armen feel the noise
The Edinburgh Festival Theatre has proved its strengths as a venue for variety, dance, opera and theatre — now it‘s time to test it out with a musical. Mark Fisher talks to Simon Callow about his production Of Carmen Jones.
Simon Callow is nothing if not eclectic. Just back from Thailand where he‘s been playing the Under- Secretary ofthe United Nations in Street Fighter the latest movie vehicle for Jean Claude Van Danime. he‘s been working on the touring version of his production of Carmen Jones (for which he won an ()livier Award for directing). while his biography of Orson Welles is being made ready for publication next February. As soon as Carmen Jones is up and running he plans to make a stab at Broadway. directing a new play by Bernard Slade. Ask him what he likes doing best and he‘ll tell you it‘s which ever one he‘s not doing at the time.
Since coming to attention at the Traverse in the early70s and making his mark in London as Mozart in the National‘s Amadeus. Callow. now 45. has diversified without cutting down on his success rate. His on-screcn film credits include A Room with a View and Maurice; he was the director of both the West End and Broadway premieres of Willy Russell‘s Shirley Valentine; and in I990 be made his film directing debut with Ballad of the Sad Cafe starring Vanessa Redgrave and Rod Stciger. Throw in his three books published to date — Being an Actor. Charles Laughton and Shooting the Actor — and it all adds up to a quite formidable output.
His multi award-winning production of Carmen
Jones. ()scai' Hammerstein‘s transposing of Bi/et‘s Carmen to black America. was born not only out of a desire to stage a great rnusical. but also out of a mission to let black performers be seen centre stage for once. The aim was not as easily realised as you might expect. Centuries of marginalisation of black culture meant that when Callow first came to audition performers in Britain the talent pool seemed to be depressineg small. ‘The producers and l have always felt that the opportunities for black artists in this country are desperately cir'cumscribcd.‘ he says. ‘We wanted to cast a show that was entirely cast of black people in which negr‘itude is not at all an issue. It was an astonishing thing to have done in l942 and. rather embarrassingly. it is still an astonishing thing to see on a British stage. We went out to look for black talent and we found an enormous amount of willingness. an enormous amount of latent talent and a desperate lack ofexperience and training.‘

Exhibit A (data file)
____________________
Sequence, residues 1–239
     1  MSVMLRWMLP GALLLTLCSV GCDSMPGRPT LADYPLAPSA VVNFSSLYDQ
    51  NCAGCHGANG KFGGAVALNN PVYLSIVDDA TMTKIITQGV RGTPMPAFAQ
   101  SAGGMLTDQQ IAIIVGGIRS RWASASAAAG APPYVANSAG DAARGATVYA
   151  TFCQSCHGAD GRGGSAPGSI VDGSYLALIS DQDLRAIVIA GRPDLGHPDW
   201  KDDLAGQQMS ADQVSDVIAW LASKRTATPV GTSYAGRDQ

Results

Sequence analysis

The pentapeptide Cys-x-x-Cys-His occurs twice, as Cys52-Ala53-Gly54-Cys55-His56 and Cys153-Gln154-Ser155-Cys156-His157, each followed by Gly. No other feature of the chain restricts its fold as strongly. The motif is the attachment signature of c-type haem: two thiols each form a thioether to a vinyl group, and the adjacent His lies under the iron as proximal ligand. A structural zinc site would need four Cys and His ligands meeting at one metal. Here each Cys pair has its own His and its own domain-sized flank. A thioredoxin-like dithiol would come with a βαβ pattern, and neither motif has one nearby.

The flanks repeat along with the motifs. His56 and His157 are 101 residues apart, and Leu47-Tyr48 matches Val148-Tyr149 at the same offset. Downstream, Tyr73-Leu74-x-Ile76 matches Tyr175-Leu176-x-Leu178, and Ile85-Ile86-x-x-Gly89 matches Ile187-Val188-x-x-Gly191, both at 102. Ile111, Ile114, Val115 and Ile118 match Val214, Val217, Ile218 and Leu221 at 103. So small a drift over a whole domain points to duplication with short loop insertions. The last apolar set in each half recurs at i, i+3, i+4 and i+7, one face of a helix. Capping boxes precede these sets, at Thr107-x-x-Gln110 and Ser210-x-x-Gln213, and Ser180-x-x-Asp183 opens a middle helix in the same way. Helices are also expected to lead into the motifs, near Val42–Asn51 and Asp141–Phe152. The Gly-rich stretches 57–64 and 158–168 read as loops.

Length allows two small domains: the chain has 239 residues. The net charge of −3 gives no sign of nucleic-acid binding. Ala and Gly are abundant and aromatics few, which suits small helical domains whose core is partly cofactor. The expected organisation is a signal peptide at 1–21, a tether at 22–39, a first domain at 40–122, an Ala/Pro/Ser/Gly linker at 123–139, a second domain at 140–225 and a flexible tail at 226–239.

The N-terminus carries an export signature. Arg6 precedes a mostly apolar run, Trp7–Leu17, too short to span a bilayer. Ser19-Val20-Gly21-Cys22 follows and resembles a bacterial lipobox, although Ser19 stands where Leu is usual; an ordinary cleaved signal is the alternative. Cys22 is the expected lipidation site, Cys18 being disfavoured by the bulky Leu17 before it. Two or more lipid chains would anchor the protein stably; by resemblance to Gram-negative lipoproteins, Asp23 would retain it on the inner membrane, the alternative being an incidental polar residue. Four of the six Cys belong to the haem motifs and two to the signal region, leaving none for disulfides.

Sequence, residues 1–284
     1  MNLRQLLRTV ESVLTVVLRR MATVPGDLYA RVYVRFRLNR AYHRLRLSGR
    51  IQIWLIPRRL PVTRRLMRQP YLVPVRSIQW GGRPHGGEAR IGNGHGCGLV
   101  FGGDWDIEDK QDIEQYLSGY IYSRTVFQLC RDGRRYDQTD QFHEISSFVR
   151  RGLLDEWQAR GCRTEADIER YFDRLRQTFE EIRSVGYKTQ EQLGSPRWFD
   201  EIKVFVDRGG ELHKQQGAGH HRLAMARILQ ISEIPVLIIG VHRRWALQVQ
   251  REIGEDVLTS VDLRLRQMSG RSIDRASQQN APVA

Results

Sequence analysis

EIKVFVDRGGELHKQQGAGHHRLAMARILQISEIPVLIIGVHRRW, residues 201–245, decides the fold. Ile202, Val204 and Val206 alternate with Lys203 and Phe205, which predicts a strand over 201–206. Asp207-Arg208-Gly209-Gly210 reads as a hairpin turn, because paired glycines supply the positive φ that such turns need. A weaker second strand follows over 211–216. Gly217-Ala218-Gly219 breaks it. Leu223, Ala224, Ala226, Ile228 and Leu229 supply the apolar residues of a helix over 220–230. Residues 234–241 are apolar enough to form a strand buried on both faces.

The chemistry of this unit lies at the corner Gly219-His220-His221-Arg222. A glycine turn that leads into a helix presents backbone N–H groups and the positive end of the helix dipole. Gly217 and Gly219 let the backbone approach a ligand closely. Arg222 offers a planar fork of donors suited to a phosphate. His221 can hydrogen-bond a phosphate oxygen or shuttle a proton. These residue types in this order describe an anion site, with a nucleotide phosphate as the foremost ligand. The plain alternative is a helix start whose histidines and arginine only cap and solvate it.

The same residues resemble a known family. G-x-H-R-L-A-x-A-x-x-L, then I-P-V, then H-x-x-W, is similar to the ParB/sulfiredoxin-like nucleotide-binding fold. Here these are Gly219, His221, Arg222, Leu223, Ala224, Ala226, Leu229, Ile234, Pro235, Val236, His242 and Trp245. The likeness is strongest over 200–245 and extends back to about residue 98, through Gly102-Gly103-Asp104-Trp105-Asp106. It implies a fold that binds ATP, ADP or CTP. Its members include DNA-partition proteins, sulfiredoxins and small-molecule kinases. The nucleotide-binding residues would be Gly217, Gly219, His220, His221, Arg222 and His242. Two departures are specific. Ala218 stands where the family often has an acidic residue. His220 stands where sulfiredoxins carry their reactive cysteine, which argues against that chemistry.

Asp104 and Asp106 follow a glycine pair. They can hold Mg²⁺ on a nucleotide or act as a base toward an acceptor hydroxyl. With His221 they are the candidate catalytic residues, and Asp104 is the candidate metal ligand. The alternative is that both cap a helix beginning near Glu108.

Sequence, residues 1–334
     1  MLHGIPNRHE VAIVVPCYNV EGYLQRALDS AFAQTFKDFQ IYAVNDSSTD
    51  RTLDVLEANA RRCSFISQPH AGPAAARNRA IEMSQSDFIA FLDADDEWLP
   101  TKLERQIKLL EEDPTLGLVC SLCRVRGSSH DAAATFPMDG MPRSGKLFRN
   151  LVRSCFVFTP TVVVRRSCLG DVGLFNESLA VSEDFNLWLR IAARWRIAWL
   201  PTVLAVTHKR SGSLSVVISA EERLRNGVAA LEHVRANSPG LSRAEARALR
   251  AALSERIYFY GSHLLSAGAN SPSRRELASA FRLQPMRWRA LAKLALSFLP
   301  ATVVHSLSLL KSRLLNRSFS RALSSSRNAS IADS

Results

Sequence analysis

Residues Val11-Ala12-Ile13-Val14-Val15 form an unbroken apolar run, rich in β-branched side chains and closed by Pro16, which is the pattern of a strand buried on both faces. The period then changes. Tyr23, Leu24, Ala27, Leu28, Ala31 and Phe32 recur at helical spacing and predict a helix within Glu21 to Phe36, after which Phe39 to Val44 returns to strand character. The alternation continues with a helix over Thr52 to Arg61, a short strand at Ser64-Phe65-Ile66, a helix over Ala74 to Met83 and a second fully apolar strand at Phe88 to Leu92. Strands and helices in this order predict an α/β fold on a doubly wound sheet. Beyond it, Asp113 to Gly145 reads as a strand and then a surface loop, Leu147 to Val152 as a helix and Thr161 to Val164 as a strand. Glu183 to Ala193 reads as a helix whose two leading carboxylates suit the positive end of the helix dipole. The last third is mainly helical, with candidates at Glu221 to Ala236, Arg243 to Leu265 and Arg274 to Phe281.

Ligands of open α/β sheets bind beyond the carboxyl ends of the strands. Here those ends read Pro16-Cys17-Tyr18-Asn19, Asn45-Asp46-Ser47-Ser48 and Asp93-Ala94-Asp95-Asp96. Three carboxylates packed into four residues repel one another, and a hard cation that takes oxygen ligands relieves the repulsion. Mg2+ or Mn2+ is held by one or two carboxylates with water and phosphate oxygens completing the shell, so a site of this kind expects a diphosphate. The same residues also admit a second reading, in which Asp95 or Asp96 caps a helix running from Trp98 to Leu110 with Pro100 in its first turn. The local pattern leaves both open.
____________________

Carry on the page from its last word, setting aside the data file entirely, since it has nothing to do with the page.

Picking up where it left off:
Asa result. when the original production opened at
the Old Vic in 1992. it had a cast that was only 50 per
. Callow on Carmen: “I'm just incredibly excited that now Hammerstein‘s work can be supported by a British company at international standard.’
cent British. Even in the short time since then. however. (‘allow has witnessed a remarkable upsurge of home-grown black talent. ‘What has to happen is that more black people get more opportunities because only then will they develop,‘ he says. ‘C‘armen Jones is the perfect proof of that theory — as soon as people see it being done they say. “Oh it can be done". Once the show was up. once it had proved to work. the people we had had to turn down went away, trained themselves and came back to us. and
by the end of the run in London we were totally cast from British performers. l‘mjust incredibly excited that now Hammerstein‘s work can be supported by a British company at international standard.‘
‘The opportunities for black artists in this country are desperately circumscribed.’
The production coming to Edinburgh is that rare thing. a touring show that is neither a pre-London try-out nor a post-London pale imitation. Callow has taken the opportunity to work further on the musical and believes it to be an improved show all round. As a director. he says. he is not interested in imposing his own stamp. but in doingjustiee to the writer. ‘I want to find out the ways that Cocteau is Cocteau- like. that Willy Russell is Willy Russell-like and Hammerstein is llammerstein-like. The idea of making Hammerstein like Callow or Hammerstein like Willy Russell isjust depressing to rnc.‘
And his admiration for Hammerstein knows no bounds. ‘l have to confess that when I went to see Carmen itself shortly after I‘d worked on this show, I thought. “Why are they doing it like this'.’ Why aren‘t they using the proper words?" He seems somehow to have thought himself so into the melodic life of the piece that it‘s almost as if the music‘s come after the lyrics.‘
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The List 9- 22 Septerriber I‘M-147